This post is an unedited, stream of consciousness about grief, death, and losing a loved one. I’m posting the content with minimal edits to give you the most intimate view of what losing a loved one does to your brain that I can. There will be followup posts in the coming weeks. This was written March 15.
My grandpa died three weeks ago today. It doesn’t feel like that long, but it also feels like an eternity since then. I feel like I was living some other life even though I’m basically doing the same things for the same reasons.
Keep going back to the thought, “I don’t know how to be in the world without him. How can there even be a world where he isn’t?”
Grandpa had Alzheimer’s disease, so it’s not like I was completely unprepared. I’ve been waiting now for about five or six years.
I heard from my uncle something had happened on the night of 13 February, and I actually thought he died that night, but it turned out that my uncle was only upset because there was a problem with the hospitals and he thought that my grandfather should just be allowed to “go home to die,” but that wasn’t really possible because my grandmother had gotten to the point that she couldn’t take care of him on her own anymore, and they needed hospice or some kind of help in order to get by.
So I kind of freaked out that night and spent about two hours in my living room just disconsolate, crying, screaming really, thinking he was either dead or going to die within the next few hours.
I remember physical pain in my chest. I remember feeling like my chest was just going to split and being afraid that I was going to scream so loud that someone would hear me and call the police.
Eventually, I found out what was really going on when I talked to my sister. But those first few weeks were really rough. I kept trying to get information, figure out what was going on, because I felt like I couldn’t really process anything because I didn’t know what was really happening or what the situation was.
The main thing was that I was trying to keep myself occupied because I didn’t know what was going on, and I had a lot of energy that had nowhere to go. I realize that’s a common thing with me, during or immediately after a problem or crisis. That I just have a ton of energy that needs to go somewhere. It used to bother me because on the one hand people are sort of condition to ignore their emotions and keep busy in some way because as a society we really don’t know how to deal with sadness and grief and etc. were terrified of anything that we perceive as “negative” especially when it comes to emotions. And on the other hand you have grief self-help books and counselors etc. always telling you to slow down, conserve your energy etc. etc., and that’s I guess really true for anything not just with grief. I basically here that any time I get involved in what I’m doing and start to develop a rhythm and move quickly, somebody’s telling me to slow down and wait.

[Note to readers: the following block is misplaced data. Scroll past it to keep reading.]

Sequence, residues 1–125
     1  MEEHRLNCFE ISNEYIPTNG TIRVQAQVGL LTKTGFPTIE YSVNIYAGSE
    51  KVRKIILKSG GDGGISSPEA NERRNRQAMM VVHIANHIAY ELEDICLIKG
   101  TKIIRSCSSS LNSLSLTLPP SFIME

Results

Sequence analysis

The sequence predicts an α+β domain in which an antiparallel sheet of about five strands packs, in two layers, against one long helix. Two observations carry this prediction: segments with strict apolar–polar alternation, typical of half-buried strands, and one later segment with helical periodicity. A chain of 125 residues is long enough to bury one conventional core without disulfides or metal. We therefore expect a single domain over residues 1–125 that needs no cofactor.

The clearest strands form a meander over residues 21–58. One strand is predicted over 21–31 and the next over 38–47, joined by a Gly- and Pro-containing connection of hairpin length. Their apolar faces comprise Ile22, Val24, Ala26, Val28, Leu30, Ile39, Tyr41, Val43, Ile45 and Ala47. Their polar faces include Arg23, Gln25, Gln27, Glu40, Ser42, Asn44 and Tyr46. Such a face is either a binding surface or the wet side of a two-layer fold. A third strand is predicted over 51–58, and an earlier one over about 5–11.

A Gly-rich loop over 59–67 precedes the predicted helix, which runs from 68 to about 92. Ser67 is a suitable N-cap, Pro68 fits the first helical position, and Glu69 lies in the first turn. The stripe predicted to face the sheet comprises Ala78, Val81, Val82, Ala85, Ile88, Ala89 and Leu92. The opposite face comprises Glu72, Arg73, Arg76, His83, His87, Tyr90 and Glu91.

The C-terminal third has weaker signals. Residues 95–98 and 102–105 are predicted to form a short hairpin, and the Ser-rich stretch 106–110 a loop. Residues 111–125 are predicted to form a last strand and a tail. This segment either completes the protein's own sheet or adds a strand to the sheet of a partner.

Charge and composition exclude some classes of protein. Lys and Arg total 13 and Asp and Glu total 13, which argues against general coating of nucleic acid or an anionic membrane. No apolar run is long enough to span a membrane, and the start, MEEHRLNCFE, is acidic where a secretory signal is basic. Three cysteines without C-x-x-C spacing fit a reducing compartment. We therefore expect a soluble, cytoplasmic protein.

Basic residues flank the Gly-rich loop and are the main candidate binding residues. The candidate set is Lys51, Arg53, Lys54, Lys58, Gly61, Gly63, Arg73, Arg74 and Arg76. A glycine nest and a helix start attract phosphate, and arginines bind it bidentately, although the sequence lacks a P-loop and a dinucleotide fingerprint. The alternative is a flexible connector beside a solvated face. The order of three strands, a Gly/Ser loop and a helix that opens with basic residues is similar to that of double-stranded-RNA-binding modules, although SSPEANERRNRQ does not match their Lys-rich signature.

So it kind of makes me paranoid about whether or not I’m self sabotaging or doing harmful things without really meaning to, but what I realize this time is that I’m not actually tuning out my emotions or trying to get away from them.
I think my default way of handling the problem is to try to solve it, and I know I spent a lot of time in my youth being “the responsible one” in dysfunctional situations, so that plus a natural tendency to be goal oriented and the probably overactive fight or flight response combines to dump a lot of adrenaline in my system at the onset of problem. Now granted, there isn’t always a way for me to take action or something for me to do that would solve any kind of problem, especially in this case where people are grieving or just don’t know anything, and had to be really careful with that and not the sort of go all crazy with my need to know what was going on and problem solve things because there’s nothing really for me to solve, but the cool thing is that I’m self-aware enough to know this about myself and to kind of back off and wait even if I don’t necessarily like it, so I don’t have to be so hard on myself about needing something to do or not immediately having a helpless reactions that I see a lot of other people having or what have you that makes me feel weird and unkind or at least it has made me feel unkind in the past. It’s just my way of dealing with life and problems as they come at me. So I learned something about myself there and I also kind of already know that different people cope with crisis situations in different ways, so that’s helpful to. Anyway that first two weeks is really difficult because of all of that, and then my grandpa actually died and it was very disconcerting because I felt like I had been processing all of this energy and grief and emotion and what have you for weeks already and then kind of had to do it again. I had expected to be worse but it really wasn’t… Sort of more mellow version of the same thing. I did have some anger for a while and a couple of days where I was just really insane, and then I think there was a day or so where I was just out of it.